Pearl #6 brings to a close to what would have been the entirety of the book. However, much to the joy of many fans of this creative team, Brian Michael Bendis and Michael Gaydos, have decided to extend the series to six more issues. As a result, not everything is wrapped up in a nice little bow which is nice. It makes the extension of the series feel natural, compared to an impromptu change, which is what I feared it would seem like. Much like Pearl herself, we are left questioning the very nature of this world and its characters.
Bendis Inverts Tropes With Excellent Character Work
The ending of the previous issue is quickly wrapped up in a way that inverts a trope. As I mentioned last time, I expected a tense fight between all parties involved in this conflict. Instead, the Endo Twins are dealt with by Mr. Miike off-screen, though this leads to an interesting ending. Meanwhile, Pearl, after having had a bombshell reveal released on her last issue, just walks out with Rick. It’s a beautiful moment that shows that she has had just about enough with the Yakuza and their bullshit. I like that Pearl #6 really gets us in the head of Pearl to the point that we feel every emotion she is going through.
She’s feeling detached, confused, lied to, and just fed up. When her mother is revealed to have been the secret ghost leader of the Yakuza and that her entire childhood was a lie, all Pearl can do is sit on the hood of her car and stare off into the distance. Everything has been leading up to this, but she didn’t see it. It simultaneously pisses her off and saddens her. She has no idea who the hell she is or what she is meant for now. She even attempts to push Rick away; her life is and always has been a mess. As far as she is concerned, he shouldn’t have to bear the brunt of it. But much like the beginning of the story, where this felt like a “meet cute” in a romance, we find out that he seems to legitimately care about her.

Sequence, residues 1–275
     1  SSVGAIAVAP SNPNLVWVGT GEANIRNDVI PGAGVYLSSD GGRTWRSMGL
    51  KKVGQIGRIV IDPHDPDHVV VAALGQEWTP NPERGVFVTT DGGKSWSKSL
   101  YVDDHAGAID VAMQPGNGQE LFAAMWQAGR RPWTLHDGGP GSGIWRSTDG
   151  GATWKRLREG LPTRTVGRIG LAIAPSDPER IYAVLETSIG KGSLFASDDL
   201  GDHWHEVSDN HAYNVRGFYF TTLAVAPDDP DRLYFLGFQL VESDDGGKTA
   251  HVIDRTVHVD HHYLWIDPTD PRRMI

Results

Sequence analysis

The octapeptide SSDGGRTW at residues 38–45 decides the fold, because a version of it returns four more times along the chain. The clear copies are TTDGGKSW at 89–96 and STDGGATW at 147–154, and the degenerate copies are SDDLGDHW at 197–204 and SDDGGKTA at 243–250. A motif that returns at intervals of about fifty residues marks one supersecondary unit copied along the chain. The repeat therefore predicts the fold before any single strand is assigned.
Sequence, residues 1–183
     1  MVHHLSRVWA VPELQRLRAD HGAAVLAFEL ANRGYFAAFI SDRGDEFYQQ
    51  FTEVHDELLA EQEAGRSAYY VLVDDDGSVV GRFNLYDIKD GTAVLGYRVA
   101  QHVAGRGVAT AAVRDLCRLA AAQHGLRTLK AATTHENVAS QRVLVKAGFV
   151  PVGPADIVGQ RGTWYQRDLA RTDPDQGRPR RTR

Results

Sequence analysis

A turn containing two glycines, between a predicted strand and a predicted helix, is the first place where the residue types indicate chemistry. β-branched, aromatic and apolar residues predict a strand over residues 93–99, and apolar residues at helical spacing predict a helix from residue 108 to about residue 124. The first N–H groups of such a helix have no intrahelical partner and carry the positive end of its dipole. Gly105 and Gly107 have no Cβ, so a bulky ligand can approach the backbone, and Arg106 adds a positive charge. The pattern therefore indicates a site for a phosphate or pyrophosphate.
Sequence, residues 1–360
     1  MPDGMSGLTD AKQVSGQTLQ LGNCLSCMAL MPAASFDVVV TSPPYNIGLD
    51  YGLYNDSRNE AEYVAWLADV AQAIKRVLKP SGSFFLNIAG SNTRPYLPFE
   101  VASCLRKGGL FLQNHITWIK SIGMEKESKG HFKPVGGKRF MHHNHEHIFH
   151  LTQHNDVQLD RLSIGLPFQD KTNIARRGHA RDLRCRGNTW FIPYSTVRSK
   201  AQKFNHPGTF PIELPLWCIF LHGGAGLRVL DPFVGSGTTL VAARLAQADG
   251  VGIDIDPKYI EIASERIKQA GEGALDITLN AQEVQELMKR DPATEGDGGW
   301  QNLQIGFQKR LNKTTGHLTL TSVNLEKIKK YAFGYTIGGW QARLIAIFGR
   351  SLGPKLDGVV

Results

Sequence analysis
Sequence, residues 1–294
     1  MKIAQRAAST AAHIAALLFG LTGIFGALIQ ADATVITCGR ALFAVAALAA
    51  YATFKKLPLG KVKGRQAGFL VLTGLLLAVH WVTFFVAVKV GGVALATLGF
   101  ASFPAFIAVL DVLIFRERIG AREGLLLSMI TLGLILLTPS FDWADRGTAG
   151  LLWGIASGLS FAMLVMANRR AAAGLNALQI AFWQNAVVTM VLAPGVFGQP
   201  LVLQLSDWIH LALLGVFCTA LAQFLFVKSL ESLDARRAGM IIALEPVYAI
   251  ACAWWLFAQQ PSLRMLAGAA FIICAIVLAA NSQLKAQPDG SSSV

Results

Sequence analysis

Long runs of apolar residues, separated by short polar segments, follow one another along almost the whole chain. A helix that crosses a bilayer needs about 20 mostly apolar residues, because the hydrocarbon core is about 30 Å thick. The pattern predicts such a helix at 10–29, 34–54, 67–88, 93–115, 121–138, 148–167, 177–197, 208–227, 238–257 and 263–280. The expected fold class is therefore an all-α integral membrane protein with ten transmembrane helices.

Gaydos’ Art Feels Cold In An Amazing Way
I mention Gaydos’ art with pretty much every issue because, well, it’s fantastic every time. But his use of camera angles and perspectives in Pearl #6 is what makes getting into Pearl’s headspace so intriguing. The opening few pages are several panels with the same basic composition. Oscar on the right, Peral on the left and they sit in a car outside the Endo Twins’ strip club. The panels never zoom in on the turmoil in Peral’s face or wallow in on the emotions of the moment. The camera remains static, letting what the characters say and do speak volumes.
These opening pages are actually a flashback to Pearl’s first kill. A moment that was so ordinary that it shows just how messed up Pearl’s life has always been. She killed in self-defense just like her father told her to do, but she kept talking to the corpse of Oscar. She was still angry, still detached from what had happened to her. The muted color palette of the scene and when Pearl visits her imprisoned father adds to this detached feeling.
Pearl #6 Is Both A Conclusion & A Beginning
I have said from the moment this comic hit shelves, that it’s probably one of my favorite things Bendis has done in quite some time. He brings such energy to the script, and Gaydos adds flair with breathtaking art that it is hard not to be enraptured by every issue.
Pearl #6 is no exception and pushes both us and the characters into a pretty bleak place for the next arc. While it would have been interesting to have seen what Pearl #6 would have read as if it was still the final issue, I’m very glad we will get to spend more time with these beautifully messed up characters. The next issue will come out in two months and promises to tell us more about Peral’s origins. Needless to say, I’m ecstatic.